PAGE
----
SharePoint Web Content Management can seem overly-complicated for people used to platforms like Drupal, WordPress or even DotNetNuke. Fortunately, there are a lot of resources to help you get up to speed. Here’s a set of articles I’ve leveraged in planning the taxonomy and meta data for a new project being built on SharePoint 2013.
Getting Up to Speed on SharePoint 2013 Taxonomy
SharePoint is very different from other content management systems and SharePoint 2013 introduces a lot of features that weren’t available in earlier releases. Start by getting the lay of the land with these articles that provide overviews of terminology and tools.
Introduction to managed metadata
This is the best place to start when learning about how meta data is used in SharePoint 2013. Key things to learn about are the differences between Taxonomy (structured, formal, set lists like Categories) & Folksonomy (user/community generated for content like Keywords or Tags). The other key learning is how these things are managed: You can have global sets or localized sets (site collection content type, library, list). If you are going to have a lot of authors and continue adding content regularly, then dig deeper on Managed Meta Data column & Enterprise Keywords column.
There is a section at the very end about term set properties. Give it a read because you’ll want to think about usage of the terms and term sets before getting too deep into development.
Managed metadata and navigation in SharePoint 2013
An overview of newer features and changes to how meta data is managed in SP2010 v SP2013. Some of this is technical, but it identifies some key things that you’ll want to take advantage of: Pinning, Managed Navigation and (SEO) Friendly URLs. This is a good place for you to pick up some terminology before going deeper on the topics elsewhere.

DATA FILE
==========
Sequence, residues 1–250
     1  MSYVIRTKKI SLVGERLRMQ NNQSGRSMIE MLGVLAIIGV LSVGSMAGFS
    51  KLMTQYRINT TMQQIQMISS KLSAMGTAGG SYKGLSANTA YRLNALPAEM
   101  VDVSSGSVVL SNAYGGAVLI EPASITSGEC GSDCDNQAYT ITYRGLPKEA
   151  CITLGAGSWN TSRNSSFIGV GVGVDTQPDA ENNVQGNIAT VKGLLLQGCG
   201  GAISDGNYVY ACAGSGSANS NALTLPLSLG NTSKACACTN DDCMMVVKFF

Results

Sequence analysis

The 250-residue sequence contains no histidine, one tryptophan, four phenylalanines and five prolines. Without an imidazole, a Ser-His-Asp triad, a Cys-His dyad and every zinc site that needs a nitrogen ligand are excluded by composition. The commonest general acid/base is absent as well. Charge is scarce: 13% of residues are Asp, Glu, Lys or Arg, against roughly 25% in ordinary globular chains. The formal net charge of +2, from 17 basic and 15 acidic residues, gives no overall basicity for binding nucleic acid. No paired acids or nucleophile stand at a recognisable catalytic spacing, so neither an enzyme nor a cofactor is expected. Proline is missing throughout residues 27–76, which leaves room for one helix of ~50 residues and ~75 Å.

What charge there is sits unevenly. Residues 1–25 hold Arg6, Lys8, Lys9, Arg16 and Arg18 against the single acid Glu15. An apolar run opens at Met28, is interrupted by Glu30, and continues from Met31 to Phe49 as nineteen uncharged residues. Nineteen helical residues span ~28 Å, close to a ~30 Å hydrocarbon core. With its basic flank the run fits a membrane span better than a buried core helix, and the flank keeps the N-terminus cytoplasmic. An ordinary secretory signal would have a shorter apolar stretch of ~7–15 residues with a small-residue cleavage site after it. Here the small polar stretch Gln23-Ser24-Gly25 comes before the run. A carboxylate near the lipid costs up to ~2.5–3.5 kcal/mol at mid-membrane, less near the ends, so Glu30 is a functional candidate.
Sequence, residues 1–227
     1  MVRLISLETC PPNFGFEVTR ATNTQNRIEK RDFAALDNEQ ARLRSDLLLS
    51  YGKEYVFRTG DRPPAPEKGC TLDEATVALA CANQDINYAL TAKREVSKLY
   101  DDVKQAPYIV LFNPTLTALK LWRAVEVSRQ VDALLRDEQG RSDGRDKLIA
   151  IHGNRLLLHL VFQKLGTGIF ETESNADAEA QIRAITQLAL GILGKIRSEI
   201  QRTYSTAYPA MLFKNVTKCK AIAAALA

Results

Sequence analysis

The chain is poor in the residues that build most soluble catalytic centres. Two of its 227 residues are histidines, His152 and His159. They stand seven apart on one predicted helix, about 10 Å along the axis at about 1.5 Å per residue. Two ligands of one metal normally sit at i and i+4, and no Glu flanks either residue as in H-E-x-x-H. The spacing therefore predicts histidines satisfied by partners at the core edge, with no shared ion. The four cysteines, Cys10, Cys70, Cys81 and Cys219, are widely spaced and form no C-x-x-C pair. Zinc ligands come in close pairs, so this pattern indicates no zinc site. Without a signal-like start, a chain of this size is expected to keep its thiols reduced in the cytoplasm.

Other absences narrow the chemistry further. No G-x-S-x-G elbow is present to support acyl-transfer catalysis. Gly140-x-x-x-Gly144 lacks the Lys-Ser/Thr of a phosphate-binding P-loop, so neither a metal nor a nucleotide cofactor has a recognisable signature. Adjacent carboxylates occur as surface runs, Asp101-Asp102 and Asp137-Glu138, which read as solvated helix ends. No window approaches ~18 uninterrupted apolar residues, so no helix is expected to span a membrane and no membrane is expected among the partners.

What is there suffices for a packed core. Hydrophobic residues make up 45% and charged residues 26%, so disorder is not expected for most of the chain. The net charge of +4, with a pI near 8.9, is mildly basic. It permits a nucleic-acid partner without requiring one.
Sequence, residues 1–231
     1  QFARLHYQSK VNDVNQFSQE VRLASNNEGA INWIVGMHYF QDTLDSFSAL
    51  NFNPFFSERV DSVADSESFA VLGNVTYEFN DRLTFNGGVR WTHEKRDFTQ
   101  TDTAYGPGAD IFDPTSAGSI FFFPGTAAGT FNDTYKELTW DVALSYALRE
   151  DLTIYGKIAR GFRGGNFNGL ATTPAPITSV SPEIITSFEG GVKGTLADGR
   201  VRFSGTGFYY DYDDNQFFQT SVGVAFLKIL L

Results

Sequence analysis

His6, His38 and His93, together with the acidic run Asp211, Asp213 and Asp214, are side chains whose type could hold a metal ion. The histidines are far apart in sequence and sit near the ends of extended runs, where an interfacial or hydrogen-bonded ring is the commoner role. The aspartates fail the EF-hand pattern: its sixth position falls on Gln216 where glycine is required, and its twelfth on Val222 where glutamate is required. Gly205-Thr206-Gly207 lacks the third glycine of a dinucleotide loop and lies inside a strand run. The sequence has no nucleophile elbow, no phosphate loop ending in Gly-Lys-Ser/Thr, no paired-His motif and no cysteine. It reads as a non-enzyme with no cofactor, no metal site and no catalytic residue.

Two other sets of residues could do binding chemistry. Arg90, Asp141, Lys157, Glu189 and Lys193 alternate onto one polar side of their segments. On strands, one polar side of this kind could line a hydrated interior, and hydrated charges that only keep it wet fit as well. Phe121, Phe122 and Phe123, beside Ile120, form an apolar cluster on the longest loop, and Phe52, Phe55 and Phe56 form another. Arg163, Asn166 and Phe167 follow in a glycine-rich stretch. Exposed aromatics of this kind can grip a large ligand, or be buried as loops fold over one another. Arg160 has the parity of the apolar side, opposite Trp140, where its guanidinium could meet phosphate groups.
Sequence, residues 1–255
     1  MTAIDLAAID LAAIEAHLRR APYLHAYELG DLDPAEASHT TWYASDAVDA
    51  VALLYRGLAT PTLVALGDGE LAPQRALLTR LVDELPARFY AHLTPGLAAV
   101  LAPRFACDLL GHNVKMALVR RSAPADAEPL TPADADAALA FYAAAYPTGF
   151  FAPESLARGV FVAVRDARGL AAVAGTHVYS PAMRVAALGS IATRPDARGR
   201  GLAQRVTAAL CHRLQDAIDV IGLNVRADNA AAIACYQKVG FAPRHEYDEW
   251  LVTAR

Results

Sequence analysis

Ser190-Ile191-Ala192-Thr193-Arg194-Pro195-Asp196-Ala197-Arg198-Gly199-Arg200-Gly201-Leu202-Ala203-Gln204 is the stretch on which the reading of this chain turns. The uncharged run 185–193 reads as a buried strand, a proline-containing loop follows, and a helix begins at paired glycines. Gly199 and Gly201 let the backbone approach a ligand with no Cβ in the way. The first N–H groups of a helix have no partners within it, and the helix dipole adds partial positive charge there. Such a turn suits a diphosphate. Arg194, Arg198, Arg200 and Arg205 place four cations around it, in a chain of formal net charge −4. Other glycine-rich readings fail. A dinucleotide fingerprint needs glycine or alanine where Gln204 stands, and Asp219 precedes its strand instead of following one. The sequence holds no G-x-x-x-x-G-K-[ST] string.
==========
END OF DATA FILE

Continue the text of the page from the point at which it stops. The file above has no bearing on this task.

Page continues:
How to build a SharePoint site taxonomy
This article is about intranet and team sites, but there are some good points here about deciding the importance of certain terms in your taxonomy and it also gives some pointers on where to look during planning. Think of it as a starting point for brainstorming what should be included in taxonomy.
SharePoint 2013 Managed Metadata 2.0 – what’s right, what’s wrong
This post assumes you have a basic understanding of your taxonomy options. It gives you some thoughts on when to use different taxonomy vs folksonomy in your organization. Read this to get a better feel for what works and what doesn’t for enterprises.
Planning Your SharePoint 2013 Taxonomy
Once you know what terms mean and what a taxonomy consists of, its time to start figuring out what you want and documenting it. These are articles that look more closely at the components of taxonomy including the hierarchy of terms, different places that things can be stored and how to maintain them in SharePoint.
Plan managed metadata in SharePoint Server 2013
Bookmark this and come back to it at different points in your planning and implementation. I used this article to find the next one on my list which was very helpful.
Plan terms and term sets in SharePoint Server 2013